By Aayesha Siddiqui (@aayesha)
Last week I posted about norovius, a common and contagious virus that sends people scurrying for the bathroom. One of the take home lessons was the importance of routinely washing your hands, whether you’re sick or healthy.
But then came the inevitable question: What about hand sanitizers? Won’t they work?
You’ll find wall dispensers full of alcohol-based liquids, gels, and foams outside elevators, in public bathrooms, all around the hospital even. Parents send their kids to school with mini-bottles of the stuff. One of our readers commented, “I keep one in my car to apply after being in public places like stores and supermarkets…thought I was getting rid of the germs.”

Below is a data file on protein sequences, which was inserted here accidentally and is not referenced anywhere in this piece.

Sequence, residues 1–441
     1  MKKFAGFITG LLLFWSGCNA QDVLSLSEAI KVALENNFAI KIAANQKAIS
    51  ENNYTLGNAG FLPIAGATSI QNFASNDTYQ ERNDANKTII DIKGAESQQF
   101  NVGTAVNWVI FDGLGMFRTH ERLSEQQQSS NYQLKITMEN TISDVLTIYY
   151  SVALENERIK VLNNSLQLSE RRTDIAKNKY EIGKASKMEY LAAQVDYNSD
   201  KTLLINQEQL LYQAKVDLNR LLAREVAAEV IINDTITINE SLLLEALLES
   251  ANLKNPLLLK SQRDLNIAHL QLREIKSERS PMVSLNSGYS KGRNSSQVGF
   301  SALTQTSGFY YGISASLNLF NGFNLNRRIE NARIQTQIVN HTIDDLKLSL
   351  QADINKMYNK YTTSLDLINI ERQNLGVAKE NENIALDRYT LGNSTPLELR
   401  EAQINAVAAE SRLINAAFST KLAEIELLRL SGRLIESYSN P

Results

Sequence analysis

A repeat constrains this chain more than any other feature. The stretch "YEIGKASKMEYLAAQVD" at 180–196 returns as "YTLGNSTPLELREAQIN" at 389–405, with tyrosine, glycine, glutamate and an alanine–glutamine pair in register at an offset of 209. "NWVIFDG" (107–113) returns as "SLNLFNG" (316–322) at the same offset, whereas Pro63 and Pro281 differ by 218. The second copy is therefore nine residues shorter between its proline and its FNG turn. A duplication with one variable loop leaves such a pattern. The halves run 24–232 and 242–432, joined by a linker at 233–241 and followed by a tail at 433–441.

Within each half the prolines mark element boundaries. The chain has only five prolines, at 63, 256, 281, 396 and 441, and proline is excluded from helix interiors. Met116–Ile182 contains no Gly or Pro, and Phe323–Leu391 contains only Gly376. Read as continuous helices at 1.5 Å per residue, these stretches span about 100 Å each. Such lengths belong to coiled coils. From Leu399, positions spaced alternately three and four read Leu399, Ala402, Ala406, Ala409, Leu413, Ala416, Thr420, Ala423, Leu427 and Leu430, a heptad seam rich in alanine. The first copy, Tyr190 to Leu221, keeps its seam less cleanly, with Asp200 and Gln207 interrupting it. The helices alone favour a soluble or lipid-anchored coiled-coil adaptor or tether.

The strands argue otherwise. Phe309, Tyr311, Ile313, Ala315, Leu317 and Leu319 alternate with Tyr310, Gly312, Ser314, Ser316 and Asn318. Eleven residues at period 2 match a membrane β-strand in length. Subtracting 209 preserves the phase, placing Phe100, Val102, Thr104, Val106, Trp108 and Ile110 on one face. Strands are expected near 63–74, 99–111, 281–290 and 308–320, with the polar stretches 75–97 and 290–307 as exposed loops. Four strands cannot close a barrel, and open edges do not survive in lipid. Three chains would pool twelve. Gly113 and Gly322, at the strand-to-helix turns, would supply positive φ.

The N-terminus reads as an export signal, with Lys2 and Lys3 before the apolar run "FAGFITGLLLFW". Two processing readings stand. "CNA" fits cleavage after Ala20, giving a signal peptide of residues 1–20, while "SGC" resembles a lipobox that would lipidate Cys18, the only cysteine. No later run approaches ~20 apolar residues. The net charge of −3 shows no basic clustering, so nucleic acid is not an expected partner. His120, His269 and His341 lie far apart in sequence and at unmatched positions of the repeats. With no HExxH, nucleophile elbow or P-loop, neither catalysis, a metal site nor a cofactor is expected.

Our reader is getting rid of a lot of germs—but not all of them.
The Science Behind the Sanitizer
If you look at the active ingredient on the back label of your hand sanitizer, you’ll most likely find it’s ethyl alcohol (a.k.a. ethanol, the same alcohol that’s in your glass of wine or in your spray of perfume) or isopropyl alcohol (a.k.a. isopropanol, but you probably know it as rubbing alcohol). The bottle should also say that it’s between 60% to 95% alcohol (the concentration that’s most effective in killing off most germs).
So, how does the alcohol actually work? Think of a germ as having a well manicured hair-do. Continue reading